A memory rose unbidden of my ten year old self and John outside the keep.
I had been crouched down, throwing dagger in hand, shaking in fear.
“Mackenzie Smith, if you give into fear then it will rule you. Take the fear and turn it into focus. Use that focus wisely. Feel for the creature and prepare your mind.”
We had been hunting a small wyvern that had been terrorising local farms. The Cornish pack was generally peaceable and didn’t engage in much fighting (well, very few people or even Otherworldly things came to sleepy Cornwall to fight) but John had insisted that this was the time I put my training to the test in the real world. I had straightened up slowly and targeted my thoughts towards the clump of trees at the far end of the field. No fear.
A huffing sound had vibrated towards us. I had blocked out everything else and focused on the noise, willing the wyvern to leave the safety of the brush and come out.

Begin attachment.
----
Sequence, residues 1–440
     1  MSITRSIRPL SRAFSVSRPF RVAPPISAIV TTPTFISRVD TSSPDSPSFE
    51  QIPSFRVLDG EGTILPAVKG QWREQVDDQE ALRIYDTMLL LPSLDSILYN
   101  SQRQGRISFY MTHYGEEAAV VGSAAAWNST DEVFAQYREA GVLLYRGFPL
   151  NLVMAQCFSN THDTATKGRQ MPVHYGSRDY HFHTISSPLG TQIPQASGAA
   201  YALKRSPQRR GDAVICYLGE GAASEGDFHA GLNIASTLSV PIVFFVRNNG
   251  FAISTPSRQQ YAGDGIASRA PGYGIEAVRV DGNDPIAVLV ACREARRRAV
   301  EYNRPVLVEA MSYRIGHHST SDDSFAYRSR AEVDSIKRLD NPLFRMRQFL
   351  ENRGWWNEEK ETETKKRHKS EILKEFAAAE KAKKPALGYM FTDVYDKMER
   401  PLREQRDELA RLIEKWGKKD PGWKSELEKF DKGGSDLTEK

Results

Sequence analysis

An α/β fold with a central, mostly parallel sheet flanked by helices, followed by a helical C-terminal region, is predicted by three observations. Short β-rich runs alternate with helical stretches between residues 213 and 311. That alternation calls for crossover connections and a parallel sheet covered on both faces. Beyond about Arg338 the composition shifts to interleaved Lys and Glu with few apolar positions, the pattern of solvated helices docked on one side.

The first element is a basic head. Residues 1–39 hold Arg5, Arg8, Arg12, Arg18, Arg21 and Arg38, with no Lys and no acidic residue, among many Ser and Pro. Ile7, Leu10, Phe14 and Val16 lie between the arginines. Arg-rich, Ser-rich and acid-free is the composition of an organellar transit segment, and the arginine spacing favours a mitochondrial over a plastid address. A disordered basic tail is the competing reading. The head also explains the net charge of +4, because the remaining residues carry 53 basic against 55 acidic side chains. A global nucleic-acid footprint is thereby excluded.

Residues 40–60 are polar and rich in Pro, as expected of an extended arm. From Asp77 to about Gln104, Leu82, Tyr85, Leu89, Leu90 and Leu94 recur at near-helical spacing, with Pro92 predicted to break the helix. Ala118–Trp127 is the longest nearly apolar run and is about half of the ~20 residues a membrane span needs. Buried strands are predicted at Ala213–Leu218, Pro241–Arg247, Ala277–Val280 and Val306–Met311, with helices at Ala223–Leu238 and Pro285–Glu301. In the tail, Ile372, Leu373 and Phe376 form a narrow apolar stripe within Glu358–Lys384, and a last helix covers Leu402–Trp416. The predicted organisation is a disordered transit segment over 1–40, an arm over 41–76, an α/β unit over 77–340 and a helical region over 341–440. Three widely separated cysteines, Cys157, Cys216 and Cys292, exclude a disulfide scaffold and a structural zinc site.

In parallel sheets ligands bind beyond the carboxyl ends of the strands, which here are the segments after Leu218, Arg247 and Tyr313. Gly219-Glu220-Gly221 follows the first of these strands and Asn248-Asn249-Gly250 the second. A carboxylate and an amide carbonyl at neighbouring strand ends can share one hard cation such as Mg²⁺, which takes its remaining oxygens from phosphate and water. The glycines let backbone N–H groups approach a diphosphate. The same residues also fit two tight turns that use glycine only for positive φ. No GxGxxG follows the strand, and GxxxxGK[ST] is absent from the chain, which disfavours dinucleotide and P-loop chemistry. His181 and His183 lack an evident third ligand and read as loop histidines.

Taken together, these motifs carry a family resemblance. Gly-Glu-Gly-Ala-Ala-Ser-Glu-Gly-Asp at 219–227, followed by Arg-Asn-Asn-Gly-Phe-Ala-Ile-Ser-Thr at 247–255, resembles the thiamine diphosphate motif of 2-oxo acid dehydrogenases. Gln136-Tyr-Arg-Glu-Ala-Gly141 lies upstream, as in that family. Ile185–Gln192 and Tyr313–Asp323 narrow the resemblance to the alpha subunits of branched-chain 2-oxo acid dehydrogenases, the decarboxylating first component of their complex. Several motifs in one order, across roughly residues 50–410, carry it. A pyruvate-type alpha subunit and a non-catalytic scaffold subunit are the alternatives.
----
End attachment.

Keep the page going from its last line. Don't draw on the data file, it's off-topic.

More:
“That’s it,” came John’s voice. “You WILL do this.”
I remember gripping the dagger tighter and taking a step forward, probing the trees with my eyes until I spotted a sudden movement on my far left. I took a step forward, and then another. Without warning the wyvern had burst out of the copse and flown like a dagger towards me, staying low to the mossy ground. I kept hold of the fear and, as the creature swooped close, I swung up, gripped onto its leathery neck and hung on with one arm. The wyvern had screeched in rage and dragged me up. It had veered one way then another, trying to shake me off before a taloned claw came swiping round to scrape me off. I had raised my leg and snap kicked the claws out of the way. I felt hot inside and knew that the fire, if I let it, would burn out of control. With my free hand I felt for the soft space in between the beast’s shoulder blades and sank the dagger in. Of course once the wyvern tail-spun down I had belatedly realised I was far too high and that hitting the ground was going to be very hard and very painful.